Our Agrarian ancestors learned eons ago that successful farming depended upon the cooperation of the Gods – in particular Mother Nature. Planting and planning a successful vegetable garden depends largely on the signals Mother Nature sends us.
When early tulips and daffodils blossom, it’s safe to plant beets and Swiss chard seeds. They can take light frost.
At the first sign of other flowers it’s time to plant your cool season vegetables. Cool Season Vegetables include Broccoli, Brussels sprouts, cabbage, carrots, garlic, kale, kohlrabi, lettuce, onions both sets and seeds, peas, potatoes, radish, spinach, and turnip. They are the least susceptible to sudden frosts and can actually go in a few weeks before the date of the average last frost in your area.
In regions where frosts seldom occur, such as the Gulf Coast, Florida, and Sothern California. Plant these cool weather crops in Late September or October.
When late tulips and lilacs are in bloom, you can plant the following by seeds: bush beans, sweet corn, squashes and pumpkin. These plants can germinate in relatively cool soils, although they thrive in summer heat.
When the apple blossoms fall and summer has arrived, plant seeds outdoors for lima beans, pole beans, cantaloupe and muskmelon, cucumbers and circubits, eggplants, peppers, and tomatoes.
The Old Farmer’s Almanac makes the following observations
• Plant corn and beans when elm leaves are the size of a squirrel’s ear, when oak leaves are the size of a mouse’s ear, when apple blossoms begin to fall, or when dogwoods are in full bloom.
• Plant lettuce, spinach, peas, broccoli, and cabbage when the lilacs show their first leaves or when daffodils begin to bloom.
• Plant tomatoes, early corn, and peppers when dogwoods are in peak bloom or when daylilies start to bloom.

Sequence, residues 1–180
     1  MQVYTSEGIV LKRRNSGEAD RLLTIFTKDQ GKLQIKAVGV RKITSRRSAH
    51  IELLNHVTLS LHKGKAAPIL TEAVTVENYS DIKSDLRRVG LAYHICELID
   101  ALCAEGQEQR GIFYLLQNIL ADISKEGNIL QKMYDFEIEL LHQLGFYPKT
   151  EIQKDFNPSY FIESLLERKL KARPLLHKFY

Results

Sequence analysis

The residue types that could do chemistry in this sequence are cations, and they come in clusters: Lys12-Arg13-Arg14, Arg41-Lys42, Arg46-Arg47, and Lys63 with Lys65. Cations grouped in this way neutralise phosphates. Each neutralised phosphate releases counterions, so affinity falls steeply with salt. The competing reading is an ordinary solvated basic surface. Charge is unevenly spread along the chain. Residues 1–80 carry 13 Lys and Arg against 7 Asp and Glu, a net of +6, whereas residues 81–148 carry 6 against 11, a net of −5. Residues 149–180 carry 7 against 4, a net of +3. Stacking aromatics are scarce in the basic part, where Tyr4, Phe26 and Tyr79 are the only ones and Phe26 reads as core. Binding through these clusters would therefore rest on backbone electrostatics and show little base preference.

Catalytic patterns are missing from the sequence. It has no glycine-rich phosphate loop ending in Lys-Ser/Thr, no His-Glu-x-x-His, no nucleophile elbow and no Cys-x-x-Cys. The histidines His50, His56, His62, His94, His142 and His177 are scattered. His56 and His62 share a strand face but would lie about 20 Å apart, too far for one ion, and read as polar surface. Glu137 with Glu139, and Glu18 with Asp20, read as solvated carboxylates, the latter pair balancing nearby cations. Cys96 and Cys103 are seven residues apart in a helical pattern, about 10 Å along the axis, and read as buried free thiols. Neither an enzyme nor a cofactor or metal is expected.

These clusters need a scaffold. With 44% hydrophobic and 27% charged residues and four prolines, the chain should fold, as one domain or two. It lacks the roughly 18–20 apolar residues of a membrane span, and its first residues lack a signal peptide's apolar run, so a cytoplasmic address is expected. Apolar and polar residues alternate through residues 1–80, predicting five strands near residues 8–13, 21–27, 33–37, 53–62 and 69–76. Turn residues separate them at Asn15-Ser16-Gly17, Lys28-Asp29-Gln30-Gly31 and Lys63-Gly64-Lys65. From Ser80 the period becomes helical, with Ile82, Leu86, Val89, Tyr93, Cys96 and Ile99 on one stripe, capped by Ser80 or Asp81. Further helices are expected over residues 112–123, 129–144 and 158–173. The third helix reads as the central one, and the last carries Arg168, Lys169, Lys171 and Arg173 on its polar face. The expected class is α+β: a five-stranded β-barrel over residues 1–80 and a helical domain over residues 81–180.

• Plant cucumbers and squash when lilac flowers fade.
• Start succession plantings of beets and carrots when dandelions are blooming.
• Plant peas when the forsythia blooms.
Although I don’t endorse astrology, I find it interesting to note that our agrarian ancestors also watched the phases of the moon and Zodiac for an indication of beginning certain activities. When planting crops such as corn that produced above ground, the moon should be “waxing”. While sewing root crops such as potatoes, there should be a “waning” moon. Many frequently consulted almanacs and planting calendars that took these factors into consideration.
The Zodiac was frequently used in conjunction with the phases of the moon to determine planting times. This system resulted in the development of planting calendars, or what we know today as “farmer’s almanacs.” There are four primary astrological categories of the zodiac: earth, air, fire, and water. Earth, wind, fire and water each have corresponding plant parts – roots, leaves, seeds, and blooms. Farmers would plant according to the type of plant growth desired. Potatoes were Earth/Roots Lettuce was Air/Leaves and so on.
Richard Rajotte has been an avid Gardener since the age of ten, over 40 years. He has written a number of gardening articles primarily under the pseudonym Abigal Gordon. He also writes on Biblical History and archeology, as well as “pseudo” scientific and historical topics. http://www.luv2garden.com